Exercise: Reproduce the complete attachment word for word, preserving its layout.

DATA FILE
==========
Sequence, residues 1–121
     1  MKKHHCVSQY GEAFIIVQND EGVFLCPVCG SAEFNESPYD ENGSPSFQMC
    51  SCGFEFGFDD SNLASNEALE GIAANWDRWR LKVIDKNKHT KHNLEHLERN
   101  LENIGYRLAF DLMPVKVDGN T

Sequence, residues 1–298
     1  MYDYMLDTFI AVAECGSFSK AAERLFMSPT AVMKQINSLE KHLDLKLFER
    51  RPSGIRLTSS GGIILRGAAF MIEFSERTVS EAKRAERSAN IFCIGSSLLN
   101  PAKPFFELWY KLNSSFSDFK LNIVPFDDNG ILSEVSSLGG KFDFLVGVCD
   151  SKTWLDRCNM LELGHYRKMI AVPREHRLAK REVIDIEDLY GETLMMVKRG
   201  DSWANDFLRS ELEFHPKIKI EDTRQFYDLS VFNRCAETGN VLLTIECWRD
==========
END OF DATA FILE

Sequence, residues 1–121
     1  MKKHHCVSQY GEAFIIVQND EGVFLCPVCG SAEFNESPYD ENGSPSFQMC
    51  SCGFEFGFDD SNLASNEALE GIAANWDRWR LKVIDKNKHT KHNLEHLERN
   101  LENIGYRLAF DLMPVKVDGN T

Sequence, residues 1–298
     1  MYDYMLDTFI AVAECGSFSK AAERLFMSPT AVMKQINSLE KHLDLKLFER
    51  RPSGIRLTSS GGIILRGAAF MIEFSERTVS EAKRAERSAN IFCIGSSLLN
   101  PAKPFFELWY KLNSSFSDFK LNIVPFDDNG ILSEVSSLGG KFDFLVGVCD
   151  SKTWLDRCNM LELGHYRKMI AVPREHRLAK REVIDIEDLY GETLMMVKRG
   201  DSWANDFLRS ELEFHPKIKI EDTRQFYDLS VFNRCAETGN VLLTIECWRD